Good, inexpensive haircuts are hard to find in New York. When you are lucky enough to stumble upon a reliable barbershop that costs $12 for a trim, you stick with it.
I live in Boerum Hill, but I get my haircut in Williamsburg by an old Italian barber. He’s a nice man, kind with redheaded grandkids. He serves free liquor to his customers at the holidays. When I lived in Williamsburg, I used to jog by the shop every morning and wave to the barber; and every time I’d get my haircut he’d tell me he was going to join me on my jogs one day. He’s been cutting my hair for three years and we still haven’t run together.
The other weekend when I went in to get my haircut, there were two clients in the shop; each one had a very Sopranos vibe about him—complete with navy Fila sweat suits and snow-white Reeboks—which is not unusual for the general clientele. I sat down on the couch and waited for my turn.
Next to me, Customer One (who looked like a younger version of Paulie Walnuts) said. “I can’t believe that bird.”
Confused, I looked to where he was pointing. Sure enough, in the window there was a little blue bird in a cage. This was new.
“It’s my grand-kid,” the barber said. “He likes it.”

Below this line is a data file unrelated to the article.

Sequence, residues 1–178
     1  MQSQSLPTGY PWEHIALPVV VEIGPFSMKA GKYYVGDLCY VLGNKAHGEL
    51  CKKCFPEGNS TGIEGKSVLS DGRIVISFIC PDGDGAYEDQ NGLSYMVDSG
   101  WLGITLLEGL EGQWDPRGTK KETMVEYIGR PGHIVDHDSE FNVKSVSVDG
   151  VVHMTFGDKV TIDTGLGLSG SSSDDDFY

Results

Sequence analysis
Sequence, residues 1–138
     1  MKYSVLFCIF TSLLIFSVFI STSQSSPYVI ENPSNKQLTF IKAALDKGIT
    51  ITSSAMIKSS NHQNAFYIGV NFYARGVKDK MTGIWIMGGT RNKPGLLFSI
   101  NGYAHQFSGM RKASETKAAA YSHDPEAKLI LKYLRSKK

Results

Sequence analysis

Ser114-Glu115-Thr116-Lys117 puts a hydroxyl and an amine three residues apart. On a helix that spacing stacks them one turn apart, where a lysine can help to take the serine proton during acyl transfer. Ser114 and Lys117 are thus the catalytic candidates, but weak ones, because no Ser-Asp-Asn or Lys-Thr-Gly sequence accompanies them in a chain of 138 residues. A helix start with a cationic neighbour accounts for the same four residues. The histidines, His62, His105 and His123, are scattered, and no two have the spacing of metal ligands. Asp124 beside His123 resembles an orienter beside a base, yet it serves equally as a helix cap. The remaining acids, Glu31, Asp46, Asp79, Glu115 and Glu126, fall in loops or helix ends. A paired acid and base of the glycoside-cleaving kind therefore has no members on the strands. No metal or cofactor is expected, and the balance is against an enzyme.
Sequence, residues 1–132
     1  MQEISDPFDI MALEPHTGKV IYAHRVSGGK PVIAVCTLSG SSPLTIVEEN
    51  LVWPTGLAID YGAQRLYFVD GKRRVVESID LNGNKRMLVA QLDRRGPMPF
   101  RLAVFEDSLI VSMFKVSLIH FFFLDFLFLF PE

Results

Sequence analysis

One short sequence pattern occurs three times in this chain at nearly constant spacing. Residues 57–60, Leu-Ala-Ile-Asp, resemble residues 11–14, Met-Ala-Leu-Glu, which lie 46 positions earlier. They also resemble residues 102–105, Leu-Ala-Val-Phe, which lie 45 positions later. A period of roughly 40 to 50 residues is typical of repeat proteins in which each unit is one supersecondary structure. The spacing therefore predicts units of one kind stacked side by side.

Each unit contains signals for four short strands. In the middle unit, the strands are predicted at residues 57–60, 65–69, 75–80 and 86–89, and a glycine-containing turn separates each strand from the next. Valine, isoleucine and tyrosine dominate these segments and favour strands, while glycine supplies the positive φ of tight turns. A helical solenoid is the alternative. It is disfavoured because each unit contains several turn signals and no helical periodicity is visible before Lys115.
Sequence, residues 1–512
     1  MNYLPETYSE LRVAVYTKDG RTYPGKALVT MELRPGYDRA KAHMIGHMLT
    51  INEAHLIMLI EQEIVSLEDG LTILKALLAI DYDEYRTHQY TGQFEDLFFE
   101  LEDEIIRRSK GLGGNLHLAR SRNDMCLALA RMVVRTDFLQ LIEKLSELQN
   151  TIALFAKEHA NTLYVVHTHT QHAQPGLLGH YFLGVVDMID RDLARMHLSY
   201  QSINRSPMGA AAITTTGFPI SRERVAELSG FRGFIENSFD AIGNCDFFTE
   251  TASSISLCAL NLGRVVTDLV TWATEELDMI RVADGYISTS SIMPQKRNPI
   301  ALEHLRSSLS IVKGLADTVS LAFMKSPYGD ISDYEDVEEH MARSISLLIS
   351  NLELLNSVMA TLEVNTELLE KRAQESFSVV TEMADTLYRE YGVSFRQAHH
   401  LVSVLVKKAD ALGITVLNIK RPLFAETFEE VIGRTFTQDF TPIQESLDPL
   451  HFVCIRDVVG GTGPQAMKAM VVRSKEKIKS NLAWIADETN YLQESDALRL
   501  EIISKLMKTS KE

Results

“What do you do with this thing at night?” Customer One asked.
“I bring it upstairs,” the barber said.
Customer Two (a bloated John Cazale) piped up. “Why? It gets too cold?”
“What is it? A parakeet?” Customer One said.
“Yeah, that’s a parakeet,” Customer Two said.
“I let it out sometimes,” the barber said. “You know to fly around and whatever.”
“Oh sure,” Customer Two nodded, resting his newspaper on his knee. “You gotta let it spread out a little bit.”
Customer One laughed. “Yeah but watch out no one shoots at it like those windows.”
Again, confused, I looked towards the window where the man was pointing. I hadn’t noticed earlier, but the storefront windows had two clean bullet holes. Each hole was taped and covered over.
The conversation halted and everyone listened to the news on TV. I sat and grew paranoid. Suddenly I started imagining scenarios where I would wind up as an innocent victim in a mafia hit. The poor guy who’s body lies in the background of a front-page murder shot.
The barber continued cutting hair. Each time he and one of the Customers mumbled a bit of conversation at the barber’s chair, it seemed to me that they were talking in some old neighborhood mob code. “That freakin’ guy…” “No, the other thing…” “You know why that happened…”
Finally, mind racing with visions of my own demise, I took my turn in the chair. I smiled at the barber and we exchanged pleasantries. As he started the buzzer to neaten the back of my head, I pointed to the bullet holes in the window.
“So, what happened there?” I asked.
“Rocks,” said the barber. “Rocks from the storm, you know?”
I could do nothing but believe him as he began to trim my hair. It was another exceptional haircut.